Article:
Records from insurance companies and hospitals have been released to the public in the past. (In a well known case, U.S. Congresswoman, Nydia Velázquez, during her campaign for the House seat had her medical records, including documented clinical depression and an attempted suicide, leaked to the press. see http://en.wikipedia.org/wiki/Nydia_Velasquez.)
Furthermore, when companies are sold or merge, your records are seen by still more people. I don’t mean to say that insurance companies have bad motives, but profit is their first motive, not your care, and all employees who work there are fallible. The more eyes that see your records and the more records are transmitted electronically, the higher the odds that your privacy can be compromised.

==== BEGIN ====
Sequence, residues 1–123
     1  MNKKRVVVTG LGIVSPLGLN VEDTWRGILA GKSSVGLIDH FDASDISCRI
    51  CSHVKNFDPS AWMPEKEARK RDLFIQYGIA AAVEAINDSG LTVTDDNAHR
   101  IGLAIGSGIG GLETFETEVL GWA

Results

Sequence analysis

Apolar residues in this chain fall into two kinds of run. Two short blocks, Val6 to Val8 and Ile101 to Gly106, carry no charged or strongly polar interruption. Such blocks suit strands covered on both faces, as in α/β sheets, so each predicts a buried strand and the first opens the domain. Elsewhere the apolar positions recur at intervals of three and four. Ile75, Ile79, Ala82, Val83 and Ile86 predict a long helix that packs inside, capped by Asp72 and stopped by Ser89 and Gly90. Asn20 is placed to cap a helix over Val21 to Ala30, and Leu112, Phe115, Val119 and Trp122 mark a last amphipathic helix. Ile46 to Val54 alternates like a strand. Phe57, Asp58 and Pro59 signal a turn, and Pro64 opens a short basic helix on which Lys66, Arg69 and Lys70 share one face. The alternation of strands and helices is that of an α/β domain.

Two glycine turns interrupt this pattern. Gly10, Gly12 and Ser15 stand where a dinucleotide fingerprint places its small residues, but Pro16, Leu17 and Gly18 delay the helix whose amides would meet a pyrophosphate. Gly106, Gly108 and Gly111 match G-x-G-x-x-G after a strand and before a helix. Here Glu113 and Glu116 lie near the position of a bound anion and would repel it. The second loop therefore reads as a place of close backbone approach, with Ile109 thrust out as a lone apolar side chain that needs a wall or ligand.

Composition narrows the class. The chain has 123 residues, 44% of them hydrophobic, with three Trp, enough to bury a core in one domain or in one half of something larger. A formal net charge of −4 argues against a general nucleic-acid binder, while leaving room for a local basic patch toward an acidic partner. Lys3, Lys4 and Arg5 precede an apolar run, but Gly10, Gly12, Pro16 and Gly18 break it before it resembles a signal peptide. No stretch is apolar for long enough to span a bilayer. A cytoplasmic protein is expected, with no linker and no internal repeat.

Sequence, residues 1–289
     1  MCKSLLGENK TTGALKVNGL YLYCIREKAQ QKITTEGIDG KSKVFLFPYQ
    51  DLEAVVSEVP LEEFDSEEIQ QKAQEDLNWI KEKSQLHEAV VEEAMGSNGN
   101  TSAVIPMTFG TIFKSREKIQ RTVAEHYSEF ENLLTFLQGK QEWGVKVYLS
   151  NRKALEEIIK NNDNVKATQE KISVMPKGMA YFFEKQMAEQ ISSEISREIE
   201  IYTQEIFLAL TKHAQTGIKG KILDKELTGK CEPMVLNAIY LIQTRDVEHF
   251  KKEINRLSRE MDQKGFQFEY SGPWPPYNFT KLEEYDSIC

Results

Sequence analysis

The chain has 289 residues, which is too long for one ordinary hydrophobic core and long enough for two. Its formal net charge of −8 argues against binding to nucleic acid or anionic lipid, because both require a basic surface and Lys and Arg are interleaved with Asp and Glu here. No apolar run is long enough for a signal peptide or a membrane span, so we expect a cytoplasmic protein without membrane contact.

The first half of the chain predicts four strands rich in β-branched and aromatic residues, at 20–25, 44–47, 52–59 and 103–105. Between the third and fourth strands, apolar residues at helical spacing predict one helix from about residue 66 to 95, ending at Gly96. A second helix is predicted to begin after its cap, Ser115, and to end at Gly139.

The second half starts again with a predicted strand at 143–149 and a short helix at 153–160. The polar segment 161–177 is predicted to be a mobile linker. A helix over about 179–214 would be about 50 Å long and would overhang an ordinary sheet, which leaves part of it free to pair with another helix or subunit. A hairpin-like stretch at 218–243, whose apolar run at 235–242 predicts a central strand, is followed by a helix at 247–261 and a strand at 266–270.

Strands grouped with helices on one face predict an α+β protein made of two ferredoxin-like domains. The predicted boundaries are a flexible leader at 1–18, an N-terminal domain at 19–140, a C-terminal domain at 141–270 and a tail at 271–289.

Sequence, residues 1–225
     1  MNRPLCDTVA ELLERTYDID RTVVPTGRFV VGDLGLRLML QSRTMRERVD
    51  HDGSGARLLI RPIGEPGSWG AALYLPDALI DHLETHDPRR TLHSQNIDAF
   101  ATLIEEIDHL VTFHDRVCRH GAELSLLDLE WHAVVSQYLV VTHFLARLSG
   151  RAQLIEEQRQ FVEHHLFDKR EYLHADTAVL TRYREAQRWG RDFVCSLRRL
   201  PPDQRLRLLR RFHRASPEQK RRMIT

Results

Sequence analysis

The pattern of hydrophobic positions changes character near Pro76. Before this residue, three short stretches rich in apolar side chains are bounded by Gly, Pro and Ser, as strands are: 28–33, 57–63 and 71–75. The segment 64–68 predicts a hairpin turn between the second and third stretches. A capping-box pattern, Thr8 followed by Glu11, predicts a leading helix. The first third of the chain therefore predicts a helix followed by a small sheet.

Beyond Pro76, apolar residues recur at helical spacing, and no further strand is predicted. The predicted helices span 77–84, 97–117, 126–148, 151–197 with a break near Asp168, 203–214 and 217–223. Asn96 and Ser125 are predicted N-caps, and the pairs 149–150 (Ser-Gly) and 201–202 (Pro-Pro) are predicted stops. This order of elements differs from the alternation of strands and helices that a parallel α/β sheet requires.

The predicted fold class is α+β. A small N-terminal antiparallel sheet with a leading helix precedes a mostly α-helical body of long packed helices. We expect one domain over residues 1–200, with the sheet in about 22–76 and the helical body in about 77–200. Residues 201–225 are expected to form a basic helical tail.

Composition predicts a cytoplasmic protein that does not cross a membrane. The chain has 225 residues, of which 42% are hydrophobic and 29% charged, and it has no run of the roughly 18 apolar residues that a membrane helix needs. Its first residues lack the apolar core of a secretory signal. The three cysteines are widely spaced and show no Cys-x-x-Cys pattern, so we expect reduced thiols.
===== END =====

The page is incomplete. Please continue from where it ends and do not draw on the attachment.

(For those wanting more information, see the article by John Grohol, Psy.D. at http://bit.ly/o8Rpkl or if you want to see more about the scope of the problem, click http://www.wired.com/threatlevel/2009/03/p2p-networks-le/. Update: In November, 2011, records of more than 4 million patients within the Sutter Health Care network were stolen from a computer, putting over a million people's private and sensitive health information in the hands of others. Additional update: As of this writing in 2016, I hardly need to warn you of the threats hackers pose to electronic information. Cyber security is a cat and mouse game between developing systems of protection and bad actors' ability to thwart those systems. Many experts believe there is no such thing as foolproof anti-hacking software and likely never will be.